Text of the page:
Perrait rao to introduce the speaker, Mr. Haskell, western atage driver - a man, muscular and with un eyo as keen and unflinching as an eagleV I droye ibe stage í'rom New ÍSharon to Wexford, a distance of thirty miles. ín the spring and i'all when the travel was bad I always tan-ied ovtr night. I liked that plan botter forit gave mosome leisure to be with my family. The niglit ot' which I am going to teil you was late in autuinn. It had been a mighty tough storm, all the way up - a north-easter, just as l'ull of needie points as they could stuff in. Fine hail, you understand, and rain freezing up and frosting your beard, and giving 0110 a remarkable if not a pleasing cast of countenance. I had but two passenger up, án old man with very white hair and beard, and a younger man with a slight stoop, and no other peculiarity that 1 110ticed. I took the mail bags outsido with me under the seat. I wasn't a partiólo sorry when the village of Wexford blitiked at me with its numeróos eyes trom erevices in the showers of driviiig sleet. Wexford was digttifled by the name of village, "South Wexford, more properly, for there was only a me.igre colleotion of live or six houses, and I drove through this place, usually putting up at the half way house, is it was tertned. Beyonil tbis half way house wns Wexford proper, with quite a bustling business air in its 0:1e huge smoke staok, and the row of stores well punctuated with the marks of Western civüization - drinking dens. The other stage route ended here on account of the roughness of the road - the post man jolting the distante between the hatf way house and there to connect the mail line. This half way house had i sorry reputatioa on account of the villaiii'"eq'ientd it to h:ivt! a game of poker or a bit of a ring fight. I had watched the gaines scores of times without allo win g myself to be drawn into thein, or disturbed by them. As I said, I only tarried at Wexford during t!,e bad woather of early spring and late autumn. But to come back to the night of the storm. It was miich as might be eipected. A small number of rutriaiily fVlloivs weru in the bar room, but the night was rather threa'tening for the üiiis.s to come out. In tact, I brought in the s'age about all the noticeable persc-nB destined to study the cloudy heaons tlut night through thebottom of mine host's glasses. Thore was Black Dave - an appendix glneraüy to the tavern, as cluiney a pie; o of a clown as ono would care to see ; and Powder Bill, a second class ruffian, who hud gaiiiod his cogncmen by ha ving had lus face somehow bluwn fnll of powder. Besides these here were severa! loafers in no wise remarkable. Of this I was glad, .for I was aware that the mail bag wag unusually heavy. I kr.ew tiiat there. were quite large snins of mooey expected by different persons' about that time, and I shcaild be glad enough when the responsibility was off my shoulders. We passed a social evrning. The chatting turned pon practical joking, and the danger oftentimes res.:;ltiug therefrom. The person who participated the least in the conversation was my passenger up - the man with stoop shoulders. 1 had learned that his name was Jenks. Whüe this one and that ote told their tales, his eharp, downcast eyes would iu epite of himeelf turn continually tovrarda that corner of the room where 1 had tossed my mail bags. Ou Öte other hand the old fellow with the long:., white hair was tho most boisterous talker of the grqpp. His laugh was the loudest, his puffs of snioke the most frequent, and his voice, strengihened i!ji,th his rising spirits lost tuuoh of the quaver noticeable in oldish persons. I was both astonished at him and delighted aso. To find a man sliiipini; down the shady side of life's hill, gay and disposed to nmke merry with his i'riends, is as rare an occurrence as it is oxhilarating to witness. He had a peculiarity about the face which you Bometimes see, and which givea an efiect singular if not pleasant to the beholder. He had very bright, rapidly revolving eyes, under bushy black eyebrows, brows shaggy enough to suggest miniature crow's nests roughly piled together. He called himsolf Btowoll, and I judged him to be a stranger in thos parts. In truth he incautiously made mention öf tho fact that he wason government business. At mention of this I found Jonks furtively and steadily regarding him iVom the comer of his eyes. My feelings had settled into flxed distrust of Jenks before the evening was half spent; on the othor hand the entire company, if I except Jenks, mentally pronounccd the old fellow -just the one to whüe away the dull evening. After some quite loud boasting of courage and brave deeds by several of the party, and this one telling wliat he could do, and that one affirming what he would do undcr such and such circumstafices, a motion was made for bed. Tho old fel low with a separata good night to all, was shown to his roomfir.t, at his own request, Jeuks and myse!i going last. The glances which this fellow cast at the as I took them up to my room, were not particulariy reassuring. I thought at first to speak of my suspicions to the landlord, and thenlfelt ashamed todo so, and went into my room. on the thivshold I was nfjileasantly sorpriaed to see Jenks stnnding outeide of his rooin and regarding me "with a fixed gaze. _ "Blundering fooi !" said I to myself, "if his int ent ion s aro to rob me he has taken the mode of proceeding to put me on my guard " I closed my door and lockedit sccurely, dumped the mail bags in the corner, and being weary, immediately undressed and retired. I lay for a long time, turning this way and that, made rostless, I suspected, by continually thinking of Jenks and his strange conuuct. I grew angry at lust with mytelf for allowing him to keep so ' bofore niy visión, but thia state of mind did not tend to uleepiness, I assuro you. While I lay tossiug about I heard one after another of tho membera of the family go to bed. Still thftt infernal Jenka kept before ino. I muttcrod auathoinas and turned over again. Xow comes the singular part of tho affair. I must have lallen asloop for a moinnnt. 1 dreamed that I was in that very house, in that vory room and bed - that I had fallen aüleep and woko up with the impression that the: e was soine one under my bed ; that I did not know how to nscertain the truth of it without causing the robber and murderer to spring on me unawarea; that having a boyishtriok of stulHng my pockets with everythinp, I fclt in there íor a marble, and found it - and leuning cautiously from the forward edge of the bed, dropped or rolled it towurd tho back-side or wall of tho room thinking, as I did so, that if 'there was uo one there it would roll across and strike the mepboard with a sharp click. I dreamed that tho marble rolled but a little ways. struek something and stopped - that'l looked under the bed and found Stowell instead of Jenks, with murder writteu upon hia face. Then thero was a eonfused plan of what I said and did. I came to f uil consciousnes3 from this dream, or incubus state, ahem-ed and turned over to see if I were really awake now. My whole boay was damp, tho sweat standing in drops on my face, so mreiit had been uiy suffcring in that few iuomt'iit's sleep. It wns so frightfully real, that I shit'ted to the other side, and as siiently as possiblo drew up mv panta and feit in the pocket. My finger touobed i bullet that was lying loosc amidst other rubbisli. I drow it out, and vvith sueh a sensation as I ncvcr experienced before and hope never to ugain, I prepared tor tli; dream test. Reaching my hand well down towards tho Hoor, I gave it a roll oward tho back of the bed. It moved n bot or two and - Gre&t God ! It etruek something soft and stopped. My heart stopped beating for a minuto, and glóbulos of firo swam before my 'ace, peopling the darkness with horrors. Choro was no choieo but to fill up the trograrnme of tho dream. I sprang f rom he bed bt-i'ore my inuscles woro patayzed with terror, and called out; "Here, you Btowoll" - I actually in:ended to say Jenks, but oottld not - 'come out from thare, havo done with this soit of practical joking." No sound ubout the hoose. The stormy elouds tearing away overhead, allowed a watery moonlight to ñood tho room. "Stowell 1" I ealled again, "I am in no mood l'or this Bort of practical joking. I have not boasted cf uiy eourage, but I shall discharge my pistol undor the bed hit or miss, in one moment more." There was a thumping and rustling, the spread was swept aside, and, God of Ileaven ! it was Stowell I could soe hia white hair and board. Before he had eOme to an upright position, for I could dimly discorn tho outlines of objects, I sprang to the door to shout for help. I had not turned the key wben I hoard a leap outside, and the instant that the bolt feil back from the secket a man sprang into the room, a pistol báll grazed mj' e;:' shot, and two forma were strugrgmig on il ment inactivc; tho next, and Ihad plañtod a blow with the butt of m y pistol soraewhere upon the g'ray head, which stretched the villain senselesB, almost the instant reeoiving the flash of b jiistol in the side of tho head, which, had it not providentally refused flro, must have materially interfered with uiy future power of narration. Much confusión followed. Tho landlord rushed in; the landlady also ; the latier, however, rushod out as quickly whcushe beheld my nndressed uniform. Everything was erptained directly. Jenks was my rescuer. Jenka whom I had so dóubted, suid to me, "Look hnre '." anl he removed the hair of the robber, and exposed to ourstartled gaze the clean faoe and closely cropped hair of a "sentenced for lifo" penitentiary man. "Be escaped two weeks ago i'rum and eluded purguit. I got in tho track of him at Detroit, and have foilowed him, oif and on ever since. He carne up from New Sharon putposely torob, and f need be m'irder you. ïiis joviality, hisapparent good humor, allaycd all süapicion. I could read his plans when ho iirst went to bed. He stowed himself into sorne closet or fxjrner of your room to wait for' you to fall asleep. I remaiued closo by your door, and should have warned you, but feared to arouse tho suspicions of the fellow, least hc should again make oft" " Sinco I was really saved by a dream, I consMer it remarkable. I distrust rèmarkably jolly people uow. and take into favor sour, silent appearing persons. Jenks was a detective.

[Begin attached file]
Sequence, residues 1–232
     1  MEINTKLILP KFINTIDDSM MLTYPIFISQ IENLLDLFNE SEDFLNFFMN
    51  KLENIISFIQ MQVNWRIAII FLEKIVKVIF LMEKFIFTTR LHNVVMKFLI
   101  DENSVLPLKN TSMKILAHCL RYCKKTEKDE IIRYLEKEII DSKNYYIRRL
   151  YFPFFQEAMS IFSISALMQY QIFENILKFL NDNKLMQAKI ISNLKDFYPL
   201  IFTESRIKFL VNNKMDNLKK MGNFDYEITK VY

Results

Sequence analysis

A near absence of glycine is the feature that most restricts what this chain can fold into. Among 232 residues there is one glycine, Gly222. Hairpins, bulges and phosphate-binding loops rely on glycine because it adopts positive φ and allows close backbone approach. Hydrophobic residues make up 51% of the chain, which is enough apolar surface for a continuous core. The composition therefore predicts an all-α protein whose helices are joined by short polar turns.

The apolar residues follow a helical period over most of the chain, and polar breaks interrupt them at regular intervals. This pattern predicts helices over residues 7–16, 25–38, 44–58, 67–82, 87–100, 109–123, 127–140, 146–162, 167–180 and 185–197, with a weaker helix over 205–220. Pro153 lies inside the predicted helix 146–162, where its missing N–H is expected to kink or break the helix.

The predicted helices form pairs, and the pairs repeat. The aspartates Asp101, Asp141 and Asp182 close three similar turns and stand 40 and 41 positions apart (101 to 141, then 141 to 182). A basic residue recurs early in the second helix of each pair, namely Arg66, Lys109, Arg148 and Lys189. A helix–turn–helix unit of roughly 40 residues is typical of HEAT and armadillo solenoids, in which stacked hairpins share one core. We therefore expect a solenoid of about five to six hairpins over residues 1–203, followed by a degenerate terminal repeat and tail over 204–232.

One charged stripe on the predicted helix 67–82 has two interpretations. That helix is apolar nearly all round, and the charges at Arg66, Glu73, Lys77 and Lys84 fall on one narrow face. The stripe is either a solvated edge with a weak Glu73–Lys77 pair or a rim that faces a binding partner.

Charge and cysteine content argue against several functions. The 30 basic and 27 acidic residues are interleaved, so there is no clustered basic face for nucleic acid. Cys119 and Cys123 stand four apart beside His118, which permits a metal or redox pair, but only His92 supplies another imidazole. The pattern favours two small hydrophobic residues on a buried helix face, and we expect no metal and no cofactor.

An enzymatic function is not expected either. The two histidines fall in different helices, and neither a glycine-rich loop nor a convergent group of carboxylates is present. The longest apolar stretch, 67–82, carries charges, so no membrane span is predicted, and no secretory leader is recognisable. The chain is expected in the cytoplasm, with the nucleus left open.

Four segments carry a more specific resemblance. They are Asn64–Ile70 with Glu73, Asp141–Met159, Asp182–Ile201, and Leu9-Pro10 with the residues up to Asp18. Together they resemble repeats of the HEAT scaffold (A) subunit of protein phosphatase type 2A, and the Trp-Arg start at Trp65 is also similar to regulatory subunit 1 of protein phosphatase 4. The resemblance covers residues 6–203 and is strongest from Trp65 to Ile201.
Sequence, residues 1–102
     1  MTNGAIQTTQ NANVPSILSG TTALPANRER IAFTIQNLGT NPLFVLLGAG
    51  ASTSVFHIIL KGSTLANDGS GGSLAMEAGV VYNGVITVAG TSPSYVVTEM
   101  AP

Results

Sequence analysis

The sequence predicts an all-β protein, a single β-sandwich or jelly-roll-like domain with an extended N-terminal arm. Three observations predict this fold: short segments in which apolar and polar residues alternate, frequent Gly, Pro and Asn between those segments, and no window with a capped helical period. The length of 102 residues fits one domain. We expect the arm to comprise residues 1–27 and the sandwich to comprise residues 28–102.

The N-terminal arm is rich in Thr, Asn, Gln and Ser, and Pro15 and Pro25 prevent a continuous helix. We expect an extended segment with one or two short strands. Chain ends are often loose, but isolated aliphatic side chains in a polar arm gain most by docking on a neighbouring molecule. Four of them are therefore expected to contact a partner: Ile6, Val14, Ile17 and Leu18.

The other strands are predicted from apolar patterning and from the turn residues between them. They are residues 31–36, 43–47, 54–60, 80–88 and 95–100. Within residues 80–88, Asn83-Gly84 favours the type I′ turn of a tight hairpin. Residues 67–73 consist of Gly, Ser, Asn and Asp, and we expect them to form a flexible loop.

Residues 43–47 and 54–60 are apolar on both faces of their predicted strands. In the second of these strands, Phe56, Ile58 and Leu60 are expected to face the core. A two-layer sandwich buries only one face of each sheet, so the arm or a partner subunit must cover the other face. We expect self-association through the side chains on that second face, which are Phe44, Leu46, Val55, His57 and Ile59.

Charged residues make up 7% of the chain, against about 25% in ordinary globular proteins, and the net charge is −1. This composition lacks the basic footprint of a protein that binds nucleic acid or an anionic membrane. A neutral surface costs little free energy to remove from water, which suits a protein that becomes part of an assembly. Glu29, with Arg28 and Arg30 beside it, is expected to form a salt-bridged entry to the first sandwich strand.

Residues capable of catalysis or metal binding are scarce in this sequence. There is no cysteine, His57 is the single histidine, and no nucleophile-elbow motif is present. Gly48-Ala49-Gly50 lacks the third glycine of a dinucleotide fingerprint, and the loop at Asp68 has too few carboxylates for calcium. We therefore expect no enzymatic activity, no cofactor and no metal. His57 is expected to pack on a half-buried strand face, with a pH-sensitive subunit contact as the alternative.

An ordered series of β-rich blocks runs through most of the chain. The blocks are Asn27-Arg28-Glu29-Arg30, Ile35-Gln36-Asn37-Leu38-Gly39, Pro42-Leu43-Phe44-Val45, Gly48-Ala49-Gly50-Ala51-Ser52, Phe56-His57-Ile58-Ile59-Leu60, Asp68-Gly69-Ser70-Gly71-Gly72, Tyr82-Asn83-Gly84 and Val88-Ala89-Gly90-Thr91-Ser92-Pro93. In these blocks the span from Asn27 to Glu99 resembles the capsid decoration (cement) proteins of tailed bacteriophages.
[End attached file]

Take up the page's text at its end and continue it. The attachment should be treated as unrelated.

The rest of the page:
Article

Subjects
Old News
Michigan Argus